See remarkable works created by women in Paris from 1850 to 1900, a time of great social, cultural, and artistic change. Her Paris: Women Artists in the Age of Impressionism will feature more than 80 paintings by 37 women artists from across Europe and America, who had migrated to this epicenter of art to further their careers. They range from well-known artists such as Berthe Morisot, Mary Cassatt, and Rosa Bonheur, to painters who are lesser-known in the United States, including Anna Ancher and Paula Modersohn-Becker.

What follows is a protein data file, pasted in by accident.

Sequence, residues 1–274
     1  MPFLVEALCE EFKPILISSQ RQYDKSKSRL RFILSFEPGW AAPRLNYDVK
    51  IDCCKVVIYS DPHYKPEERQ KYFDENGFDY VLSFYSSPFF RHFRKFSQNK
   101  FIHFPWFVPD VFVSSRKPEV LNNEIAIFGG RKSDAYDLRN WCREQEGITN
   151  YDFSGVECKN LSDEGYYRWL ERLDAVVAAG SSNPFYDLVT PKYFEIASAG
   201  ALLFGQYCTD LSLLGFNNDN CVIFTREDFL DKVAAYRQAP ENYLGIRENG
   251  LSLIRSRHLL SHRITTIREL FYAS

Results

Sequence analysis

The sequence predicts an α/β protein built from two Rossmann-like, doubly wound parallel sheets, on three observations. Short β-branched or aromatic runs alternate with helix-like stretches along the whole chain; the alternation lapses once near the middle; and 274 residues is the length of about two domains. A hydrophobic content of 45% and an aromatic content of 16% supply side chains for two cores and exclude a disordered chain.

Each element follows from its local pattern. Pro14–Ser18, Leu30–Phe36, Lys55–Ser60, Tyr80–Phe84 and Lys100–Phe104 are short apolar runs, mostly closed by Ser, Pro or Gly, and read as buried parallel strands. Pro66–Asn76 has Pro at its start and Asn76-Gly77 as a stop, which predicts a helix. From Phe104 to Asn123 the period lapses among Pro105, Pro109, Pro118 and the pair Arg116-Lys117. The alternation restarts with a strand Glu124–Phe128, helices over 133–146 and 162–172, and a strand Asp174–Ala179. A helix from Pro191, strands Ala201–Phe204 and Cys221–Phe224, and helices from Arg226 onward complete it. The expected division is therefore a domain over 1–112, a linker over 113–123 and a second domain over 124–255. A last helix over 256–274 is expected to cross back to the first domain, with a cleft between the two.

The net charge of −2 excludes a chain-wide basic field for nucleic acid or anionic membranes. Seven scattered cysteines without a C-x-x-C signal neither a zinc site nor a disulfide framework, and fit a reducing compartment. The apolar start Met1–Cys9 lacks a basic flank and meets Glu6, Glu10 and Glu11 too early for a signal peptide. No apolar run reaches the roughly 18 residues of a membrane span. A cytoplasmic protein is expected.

Even though Paris was known as a cosmopolitan city, Parisian society was still very restrictive for women. They were not allowed to attend to the École des Beaux-Arts (School of Fine Arts)—the country’s most important art academy—until 1897, and it was not socially acceptable to frequent public spaces, such as cafes, to work on their art and mingle with their peers without a male companion.
The exhibition will trace how, despite societal challenges, women embraced their artistic aspirations and helped create an alternative system that included attending private academies, exhibiting independently, and forming their own organizations, such as the influential Union des Femmes Peintres et Sculpteurs.